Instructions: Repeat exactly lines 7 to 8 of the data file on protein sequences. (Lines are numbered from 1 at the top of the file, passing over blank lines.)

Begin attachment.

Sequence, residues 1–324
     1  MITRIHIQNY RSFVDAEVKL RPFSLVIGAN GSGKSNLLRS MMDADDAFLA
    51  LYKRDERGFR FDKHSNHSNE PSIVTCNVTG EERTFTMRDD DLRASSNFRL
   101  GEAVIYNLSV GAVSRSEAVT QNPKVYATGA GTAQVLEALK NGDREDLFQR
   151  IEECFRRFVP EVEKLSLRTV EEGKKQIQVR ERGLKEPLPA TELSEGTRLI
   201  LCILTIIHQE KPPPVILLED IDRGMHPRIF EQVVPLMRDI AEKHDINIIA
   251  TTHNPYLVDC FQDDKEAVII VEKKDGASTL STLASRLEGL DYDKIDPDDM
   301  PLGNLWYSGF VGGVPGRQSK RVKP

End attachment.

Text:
   251  TTHNPYLVDC FQDDKEAVII VEKKDGASTL STLASRLEGL DYDKIDPDDM
   301  PLGNLWYSGF VGGVPGRQSK RVKP